Diaper Rash/Nappy Rash

Even the best and most careful of parents may one day go to change a fussy baby and be startled by the sight of a bright red, possibly spotty little bottom. No need to panic, most diaper rashes can easily be treated, and clear up in two to three days.

Causes of Diaper Rash

  • Diaper or nappy rash is caused by heat and moisture. Wet or dirty diapers left on too long are the usual culprits.
  • Diapers that are too tight to let air in,or chafe baby's skin.
  • Diarrhea that is acidic and will irritate the skin.
  • The introduction of new and acidic foods (citrus or tomatoes for example) will sometimes cause diaper rash, but will often just cause a redness around the anus.
  • A fungal infection such as Candida shows up in the deep folds of a baby's skin. It is bright red with an obvious border and there may be small red spots near the larger patches.

Prevention and Treatment of Diaper Rash

  • Keep your baby's skin clean and dry by changing diapers frequently.
  • Always wash baby's bottom at every diaper change. Use plain warm water, or if soap is needed, use a very mild soap and rinse with water afterwards. Pat baby dry, don't rub.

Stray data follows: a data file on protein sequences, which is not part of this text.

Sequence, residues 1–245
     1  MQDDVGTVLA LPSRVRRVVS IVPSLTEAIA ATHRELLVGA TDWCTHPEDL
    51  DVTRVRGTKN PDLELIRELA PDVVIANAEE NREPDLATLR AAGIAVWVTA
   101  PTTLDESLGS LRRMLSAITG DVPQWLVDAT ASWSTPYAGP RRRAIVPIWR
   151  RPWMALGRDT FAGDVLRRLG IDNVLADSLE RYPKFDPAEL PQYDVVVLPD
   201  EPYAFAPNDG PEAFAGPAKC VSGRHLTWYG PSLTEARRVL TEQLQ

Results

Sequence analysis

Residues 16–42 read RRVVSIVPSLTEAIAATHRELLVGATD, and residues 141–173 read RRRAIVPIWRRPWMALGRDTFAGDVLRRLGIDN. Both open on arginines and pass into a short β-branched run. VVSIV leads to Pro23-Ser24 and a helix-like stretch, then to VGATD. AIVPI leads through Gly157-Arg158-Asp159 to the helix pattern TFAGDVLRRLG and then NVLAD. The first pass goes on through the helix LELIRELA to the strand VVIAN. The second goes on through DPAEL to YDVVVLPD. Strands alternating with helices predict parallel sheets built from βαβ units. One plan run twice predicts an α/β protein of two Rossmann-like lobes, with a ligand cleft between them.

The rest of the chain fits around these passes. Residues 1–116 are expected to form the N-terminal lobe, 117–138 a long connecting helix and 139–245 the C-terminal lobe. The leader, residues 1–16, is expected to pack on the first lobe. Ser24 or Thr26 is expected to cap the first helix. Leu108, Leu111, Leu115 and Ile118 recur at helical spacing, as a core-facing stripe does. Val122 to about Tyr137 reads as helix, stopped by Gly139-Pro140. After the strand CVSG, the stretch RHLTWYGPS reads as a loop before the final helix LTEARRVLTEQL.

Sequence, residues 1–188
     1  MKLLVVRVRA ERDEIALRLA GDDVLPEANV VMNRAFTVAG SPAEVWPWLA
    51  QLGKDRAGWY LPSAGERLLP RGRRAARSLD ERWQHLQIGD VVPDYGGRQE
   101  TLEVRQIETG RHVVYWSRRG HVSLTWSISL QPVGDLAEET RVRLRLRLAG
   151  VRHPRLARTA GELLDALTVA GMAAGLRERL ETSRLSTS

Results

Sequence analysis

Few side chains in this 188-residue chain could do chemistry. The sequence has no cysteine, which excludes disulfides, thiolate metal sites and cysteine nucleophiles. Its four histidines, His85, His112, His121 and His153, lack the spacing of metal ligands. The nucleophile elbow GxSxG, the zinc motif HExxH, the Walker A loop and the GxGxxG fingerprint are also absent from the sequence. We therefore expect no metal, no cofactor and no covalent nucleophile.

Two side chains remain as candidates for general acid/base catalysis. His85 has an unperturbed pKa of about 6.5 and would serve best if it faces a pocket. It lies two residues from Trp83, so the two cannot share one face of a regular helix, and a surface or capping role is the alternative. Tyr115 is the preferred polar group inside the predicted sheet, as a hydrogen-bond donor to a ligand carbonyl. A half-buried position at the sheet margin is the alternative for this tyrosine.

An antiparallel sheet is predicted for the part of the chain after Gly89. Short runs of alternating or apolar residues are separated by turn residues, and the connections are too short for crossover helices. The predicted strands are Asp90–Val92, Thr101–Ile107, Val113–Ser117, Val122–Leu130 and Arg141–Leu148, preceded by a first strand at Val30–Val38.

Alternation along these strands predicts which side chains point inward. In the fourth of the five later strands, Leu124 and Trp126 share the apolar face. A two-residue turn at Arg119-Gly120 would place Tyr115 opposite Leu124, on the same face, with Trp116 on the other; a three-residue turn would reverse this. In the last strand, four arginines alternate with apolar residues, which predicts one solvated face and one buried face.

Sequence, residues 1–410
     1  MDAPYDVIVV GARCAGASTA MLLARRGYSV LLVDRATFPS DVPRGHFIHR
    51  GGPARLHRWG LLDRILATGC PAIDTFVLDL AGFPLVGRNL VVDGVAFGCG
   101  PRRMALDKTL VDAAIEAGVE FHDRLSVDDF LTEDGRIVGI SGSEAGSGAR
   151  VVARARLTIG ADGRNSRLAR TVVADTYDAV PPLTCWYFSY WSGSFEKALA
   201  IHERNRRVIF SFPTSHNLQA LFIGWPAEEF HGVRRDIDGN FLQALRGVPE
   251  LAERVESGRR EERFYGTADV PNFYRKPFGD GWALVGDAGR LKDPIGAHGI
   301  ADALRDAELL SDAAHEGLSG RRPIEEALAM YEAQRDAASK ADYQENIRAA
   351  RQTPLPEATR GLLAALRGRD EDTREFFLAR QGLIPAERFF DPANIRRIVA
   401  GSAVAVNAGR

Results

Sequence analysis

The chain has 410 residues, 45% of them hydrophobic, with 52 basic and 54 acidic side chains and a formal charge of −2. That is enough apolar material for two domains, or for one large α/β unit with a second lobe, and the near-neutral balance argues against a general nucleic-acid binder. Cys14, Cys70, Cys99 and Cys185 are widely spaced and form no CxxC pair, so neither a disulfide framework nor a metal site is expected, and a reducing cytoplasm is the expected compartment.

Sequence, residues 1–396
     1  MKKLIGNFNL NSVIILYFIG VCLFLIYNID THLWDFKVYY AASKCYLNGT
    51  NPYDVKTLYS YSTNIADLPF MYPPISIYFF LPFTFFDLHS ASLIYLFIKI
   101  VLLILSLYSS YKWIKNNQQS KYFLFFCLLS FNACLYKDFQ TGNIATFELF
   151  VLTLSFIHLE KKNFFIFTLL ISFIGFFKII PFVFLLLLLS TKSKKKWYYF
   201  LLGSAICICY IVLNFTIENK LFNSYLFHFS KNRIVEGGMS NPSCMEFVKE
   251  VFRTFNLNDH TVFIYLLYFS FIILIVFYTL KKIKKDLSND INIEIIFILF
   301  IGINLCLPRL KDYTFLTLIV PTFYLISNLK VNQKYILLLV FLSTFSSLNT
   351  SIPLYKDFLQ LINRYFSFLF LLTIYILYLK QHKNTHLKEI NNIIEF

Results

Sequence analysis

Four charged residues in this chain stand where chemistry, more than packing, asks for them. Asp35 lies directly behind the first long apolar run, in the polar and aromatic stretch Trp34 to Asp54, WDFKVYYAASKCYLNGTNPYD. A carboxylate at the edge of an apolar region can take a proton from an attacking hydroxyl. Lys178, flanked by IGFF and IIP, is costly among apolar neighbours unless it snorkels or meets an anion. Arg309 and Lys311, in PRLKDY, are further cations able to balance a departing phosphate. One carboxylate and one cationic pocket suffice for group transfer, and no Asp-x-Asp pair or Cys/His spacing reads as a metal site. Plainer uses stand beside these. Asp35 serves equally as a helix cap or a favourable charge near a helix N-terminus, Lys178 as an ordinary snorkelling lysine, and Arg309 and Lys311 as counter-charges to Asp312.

• Make sure the diapers are not too tight or chafing the baby's skin.
  • Allow the baby to go without a diaper when possible to let the air dry the skin.
  • Use zinc ointment or petrolatum (such as Vaseline) to protect your baby's skin from moisture.
  • If you use cloth diapers, use a moisture-wicking liner to keep baby's skin dry or change to disposable diapers.
  • Avoid plastic pants - they hold in the moisture.
  • Introduce new foods one at a time so that you can tell if a particular food is causing a problem. Breastfeeding moms should also be aware that the food they eat can sometimes cause diarrhea in their babies.

If the rash is not starting to clear up in three days, if the baby has a fever or the redness looks more like a Candida infection, see your family doctor. He or she can prescribe a medication to apply to the skin and rule out any other causes.


Sources: www.Caring for Kids.cps.ca (Canadian Pediatric Society)
www.Familydoctor.org American (Academy of Family Physicians)
www.drgreene.org (Alan Greene FAAP)

Disclaimer: This short overview of diaper rash should not be taken as medical advice and may not apply to everyone. Please always consult your family physician for medical advice and treatment.

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